2 Nephi 5:3 Yea, they did murmur against me, saying: Our younger brother thinks to rule over us; and we have had much trial because of him; wherefore, now let us slay him, that we may not be afflicted more because of his words.
e: Mosiah 10:13 …and all this because that Nephi was more faithful in keeping the commandments of the Lord—therefore he was favored of the Lord
1 Nephi 3:5 And now, behold thy brothers murmur, saying it is a hard thing which I have required of them; but behold I have not required it of them, but it is a commandment of the Lord. 6 Therefore go, my son, and thou shalt be favored of the Lord,
f: Mosiah 10:13 …the Lord heard his prayers and answered them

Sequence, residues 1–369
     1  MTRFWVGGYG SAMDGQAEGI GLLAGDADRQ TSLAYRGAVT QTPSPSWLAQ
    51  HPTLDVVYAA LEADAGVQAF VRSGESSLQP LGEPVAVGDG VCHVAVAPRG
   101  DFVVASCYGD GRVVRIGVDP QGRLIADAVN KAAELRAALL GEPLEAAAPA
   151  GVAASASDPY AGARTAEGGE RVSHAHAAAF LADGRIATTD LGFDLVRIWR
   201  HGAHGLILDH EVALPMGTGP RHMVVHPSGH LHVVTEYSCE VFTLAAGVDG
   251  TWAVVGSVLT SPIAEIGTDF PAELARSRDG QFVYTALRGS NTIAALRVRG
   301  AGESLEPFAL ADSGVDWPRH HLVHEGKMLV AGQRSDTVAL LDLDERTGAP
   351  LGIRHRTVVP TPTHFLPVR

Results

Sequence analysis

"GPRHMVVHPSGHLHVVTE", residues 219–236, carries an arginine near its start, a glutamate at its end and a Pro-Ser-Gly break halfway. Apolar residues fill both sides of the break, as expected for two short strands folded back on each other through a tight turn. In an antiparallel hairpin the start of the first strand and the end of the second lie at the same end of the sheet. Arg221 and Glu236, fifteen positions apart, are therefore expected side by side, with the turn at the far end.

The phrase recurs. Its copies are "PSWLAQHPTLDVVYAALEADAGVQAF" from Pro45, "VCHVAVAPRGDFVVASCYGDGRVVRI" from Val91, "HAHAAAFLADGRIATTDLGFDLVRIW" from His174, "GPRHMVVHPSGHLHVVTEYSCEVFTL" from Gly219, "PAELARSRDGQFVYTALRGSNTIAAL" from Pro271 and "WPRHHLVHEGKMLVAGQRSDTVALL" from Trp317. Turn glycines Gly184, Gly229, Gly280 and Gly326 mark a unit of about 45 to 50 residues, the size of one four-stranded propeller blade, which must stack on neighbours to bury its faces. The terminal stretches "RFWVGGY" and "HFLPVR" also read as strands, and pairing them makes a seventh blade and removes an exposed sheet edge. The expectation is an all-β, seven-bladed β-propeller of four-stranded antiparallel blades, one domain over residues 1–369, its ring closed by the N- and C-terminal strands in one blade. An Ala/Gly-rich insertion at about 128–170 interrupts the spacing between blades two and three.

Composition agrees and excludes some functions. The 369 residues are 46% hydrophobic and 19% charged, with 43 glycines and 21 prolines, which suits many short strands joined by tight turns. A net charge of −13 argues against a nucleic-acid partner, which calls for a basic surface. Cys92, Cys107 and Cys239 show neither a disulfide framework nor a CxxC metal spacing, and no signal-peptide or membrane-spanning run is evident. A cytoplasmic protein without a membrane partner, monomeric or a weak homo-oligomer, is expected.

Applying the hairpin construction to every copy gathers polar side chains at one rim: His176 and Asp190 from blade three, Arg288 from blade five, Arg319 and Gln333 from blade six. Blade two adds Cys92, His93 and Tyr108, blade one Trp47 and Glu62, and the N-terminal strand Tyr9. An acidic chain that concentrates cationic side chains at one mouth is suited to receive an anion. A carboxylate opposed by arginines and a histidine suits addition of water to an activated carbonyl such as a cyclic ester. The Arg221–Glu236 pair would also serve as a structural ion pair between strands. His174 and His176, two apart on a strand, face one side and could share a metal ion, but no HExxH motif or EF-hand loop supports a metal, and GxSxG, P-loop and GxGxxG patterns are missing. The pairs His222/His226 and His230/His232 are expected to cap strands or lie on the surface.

1 Nephi 2:16 “…I did cry unto the Lord; and behold he did visit me, and did soften my heart that I did believe all the words which had been spoken by my father;”
g: Mosiah 10:13…he took the lead of their journey in the wilderness.
1 Nephi 16:30 And it came to pass that I, Nephi, did go forth up into the top of the mountain, according to the directions which were given upon the ball. 31 And it came to pass that I did slay wild beasts, insomuch that I did obtain food for our families.
h: Mosiah 10:14 …his brethren were wroth with him because they understood not the dealings of the Lord
1 Nephi 2:12 …they did murmur because they knew not the dealings of that God who had created them.
i: Mosiah 10:14 …they were also wroth with him upon the waters because they hardened their hearts against the Lord.